A Reader’s Forum article published by Laura Morrison on November 6, 2019
THIS IS SOME BAD STUFF IF YOU DON’T CATCH IT IN TIME. Beasley and Francisco just got diagnosed.
( sharing some of my experience. You have a higher chance to save them if you act early.)
I found early on that kittens can have a variety of medical conditions and you just have to learn what to look for And the rest of it is just intuition when things don’t seem right. Being a mom doesn’t hurt.
Both of these babies came in within 24 hours of each other and is always important to isolate for at least two weeks which we did. I noticed within a weeks time that the kittens were very whiny and had stopped eating and drinking without assistance from me.
One of them had very bad diarrhea and although the vet tested them and they were positive for coccidia I knew something else was wrong… just a gut feeling. I took them to the vet twice, and the vet kept telling me everything was fine they were just a little underweight but I was still bothered by their constant whining and not wanting to eat.
Yesterday they both began acting very lethargic and I noticed when they opened their mouth to cry that their tongues were getting red like a red pencil. I knew immediately what it was and I knew that we had to spring into action or we were going to lose the kittens.
I was panicking at that point and took them to the vet a third time and told my Vet I’m getting very upset because something is very wrong and I’m not leaving until we fix this. I told her I had every suspicion that they had the beginnings of Calicivirus and she re-examined and said “you’re right.” “This is early stage.”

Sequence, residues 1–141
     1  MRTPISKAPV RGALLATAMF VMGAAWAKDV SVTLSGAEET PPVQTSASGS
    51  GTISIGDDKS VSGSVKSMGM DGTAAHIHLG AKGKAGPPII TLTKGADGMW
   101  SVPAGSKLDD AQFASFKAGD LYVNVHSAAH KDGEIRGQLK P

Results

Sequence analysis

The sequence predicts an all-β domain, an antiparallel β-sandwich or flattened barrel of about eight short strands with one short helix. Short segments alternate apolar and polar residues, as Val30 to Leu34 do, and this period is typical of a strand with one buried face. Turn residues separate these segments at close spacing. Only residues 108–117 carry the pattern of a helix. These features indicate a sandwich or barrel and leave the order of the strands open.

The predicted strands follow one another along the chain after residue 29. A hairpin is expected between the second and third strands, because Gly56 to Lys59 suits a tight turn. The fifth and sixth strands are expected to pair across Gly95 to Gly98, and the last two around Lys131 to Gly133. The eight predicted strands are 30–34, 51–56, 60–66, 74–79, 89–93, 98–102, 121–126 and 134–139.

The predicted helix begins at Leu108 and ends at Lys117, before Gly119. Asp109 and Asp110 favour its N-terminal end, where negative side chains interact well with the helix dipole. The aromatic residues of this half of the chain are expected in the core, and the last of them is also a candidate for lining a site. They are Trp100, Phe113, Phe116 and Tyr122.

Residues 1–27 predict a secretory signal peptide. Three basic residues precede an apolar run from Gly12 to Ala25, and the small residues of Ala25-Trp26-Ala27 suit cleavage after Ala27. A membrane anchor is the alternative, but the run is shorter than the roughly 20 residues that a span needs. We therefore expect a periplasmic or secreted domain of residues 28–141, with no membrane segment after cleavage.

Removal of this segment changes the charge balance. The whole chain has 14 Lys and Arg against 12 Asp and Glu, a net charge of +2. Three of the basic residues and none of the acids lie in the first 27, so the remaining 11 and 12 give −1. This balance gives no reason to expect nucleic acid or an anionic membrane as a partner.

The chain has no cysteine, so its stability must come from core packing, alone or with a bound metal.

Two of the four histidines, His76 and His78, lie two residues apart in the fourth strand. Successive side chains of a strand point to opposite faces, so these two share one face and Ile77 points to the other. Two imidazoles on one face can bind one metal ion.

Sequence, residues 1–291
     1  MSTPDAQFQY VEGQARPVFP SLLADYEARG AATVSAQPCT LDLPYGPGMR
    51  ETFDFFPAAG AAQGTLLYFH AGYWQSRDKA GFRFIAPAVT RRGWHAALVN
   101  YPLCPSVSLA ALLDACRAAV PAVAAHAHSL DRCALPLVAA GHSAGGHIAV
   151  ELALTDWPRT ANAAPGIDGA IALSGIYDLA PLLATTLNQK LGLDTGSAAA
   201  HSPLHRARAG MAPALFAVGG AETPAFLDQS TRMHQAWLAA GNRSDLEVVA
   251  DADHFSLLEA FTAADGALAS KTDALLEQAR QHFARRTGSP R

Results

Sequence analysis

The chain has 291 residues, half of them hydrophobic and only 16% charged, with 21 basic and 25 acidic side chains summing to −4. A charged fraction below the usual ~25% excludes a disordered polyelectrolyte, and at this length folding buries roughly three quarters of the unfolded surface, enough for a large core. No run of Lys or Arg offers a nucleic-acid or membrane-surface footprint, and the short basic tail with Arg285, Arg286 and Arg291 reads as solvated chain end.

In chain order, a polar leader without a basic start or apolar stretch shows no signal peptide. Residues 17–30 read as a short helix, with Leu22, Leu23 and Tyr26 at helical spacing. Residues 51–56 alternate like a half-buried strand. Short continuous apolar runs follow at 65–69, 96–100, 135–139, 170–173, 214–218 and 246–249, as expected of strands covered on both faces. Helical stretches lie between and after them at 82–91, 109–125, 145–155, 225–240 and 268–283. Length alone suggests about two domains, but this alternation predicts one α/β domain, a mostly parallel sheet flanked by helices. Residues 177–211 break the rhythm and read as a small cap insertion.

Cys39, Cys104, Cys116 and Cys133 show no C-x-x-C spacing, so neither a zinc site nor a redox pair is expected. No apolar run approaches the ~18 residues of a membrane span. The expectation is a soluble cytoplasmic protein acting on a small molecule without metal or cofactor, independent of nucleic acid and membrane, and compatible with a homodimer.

I had already been giving the kittens sub q fluids but now they are on antibiotics and pain medicine and and being syringe fed. We have saved tons of kittens with this virus and a lot of it is keeping them hydrated and fed on a regular schedule throughout the day.
This is a very serious virus and you cannot leave these kittens alone for hours at a time or even hope that they will eat on their own, they’re not going to. Calici kills kittens every year and you have to be on your A game. Redness or swelling in the tongue or any reluctance to eat could be a problem. Blisters or sores is a huge cue.
If you know how to give sub Q fluids, this is something that is a lifesaver. Kittens with calici don’t always show signs of fever or malaise, there are other signs though that you can look for. This is tough stuff and contagious to other kittens.
I was at my breaking point because the vets would not listen to me but I forced my vet to hear me out yesterday and Beasley and Francisco have a chance now…
Note from Elisa: When I read the Facebook post by Laura, I knew it needed to me turned into a Reader’s Forum article to show readers the danger of calicivirus. Our cat, Jubilee, almost died from the virus in 2014. She couldn’t walk and she wouldn’t eat. Even after diagnosis and treatment it took several days for her body to fight off the virus. And don’t think a cat can’t become infected with calici if they’ve been vaccinated. Sometimes it slips through. Don’t be afraid to speak your suspicions to your personal vet because vets aren’t perfect and they do make mistakes.
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